Tonight Helen Lederer will stand naked on stage talking to her parents. Not literally, you understand, although the experience of her first appearance on an Edinburgh Festival stage for eight years will, she insists, amount to the same terrifying ordeal.
She has been nervously preparing for "An Evening with Helen Lederer", her first stand-up gig this year, when we meet at her south London home. One engagement a year might suggest she has been coasting a little of late, but that is far from the case.
When we meet she is drinking tea from a mug on which are emblazoned the words "Jesus is coming. Look busy". But Lederer, 56, doesn't have to fake it. She must be one of the UK's busiest comedy actors since bursting on to the cut-throat comedy circuit in the 1980s.
She has built a solid reputation with an enviable body of work since 1986's Naked Video, the radio-spawned TV series which nurtured the cream of a generation of comedy writers including Harry Enfield, Gregor Fisher, Paul Whitehouse, Elaine Smith, Steve Coogan, Jennifer Saunders and Rik Mayall.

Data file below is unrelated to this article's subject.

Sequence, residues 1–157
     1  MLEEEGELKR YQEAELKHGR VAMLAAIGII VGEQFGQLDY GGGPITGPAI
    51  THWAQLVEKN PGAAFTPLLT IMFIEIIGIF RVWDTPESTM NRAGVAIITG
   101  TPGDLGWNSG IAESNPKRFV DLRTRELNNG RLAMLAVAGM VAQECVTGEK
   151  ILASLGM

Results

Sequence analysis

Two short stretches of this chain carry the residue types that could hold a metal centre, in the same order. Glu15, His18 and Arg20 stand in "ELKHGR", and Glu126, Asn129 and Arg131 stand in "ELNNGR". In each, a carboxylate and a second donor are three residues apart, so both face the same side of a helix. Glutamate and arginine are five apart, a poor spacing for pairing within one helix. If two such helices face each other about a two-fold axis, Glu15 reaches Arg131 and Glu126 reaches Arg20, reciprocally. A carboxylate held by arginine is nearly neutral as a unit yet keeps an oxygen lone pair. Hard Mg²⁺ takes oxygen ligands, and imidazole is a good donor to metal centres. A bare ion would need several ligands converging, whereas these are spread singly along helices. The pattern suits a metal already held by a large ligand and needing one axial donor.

Naked Video showcased Lederer's writing and acting abilities, and her Sloaney-girl-in-a-bar scenes were a highlight of the series. Catriona, the menopausal magazine editor she went on to play in the Nineties TV comedy Absolutely Fabulous, was in many respects an extension of this character.
"Jennifer Saunders told me the character is one of 'those people that just does things, and no one knows how'. They are well intentioned and rich, not horrible, but completely oblivious and in their own capsule."
Nearly two decades after the first series, Lederer is due to start shooting the new Absolutely Fabulous next month. "It will be very interesting to see how old we all are. Can you imagine? Joanna [Lumley] is one of these women who never ages," she says.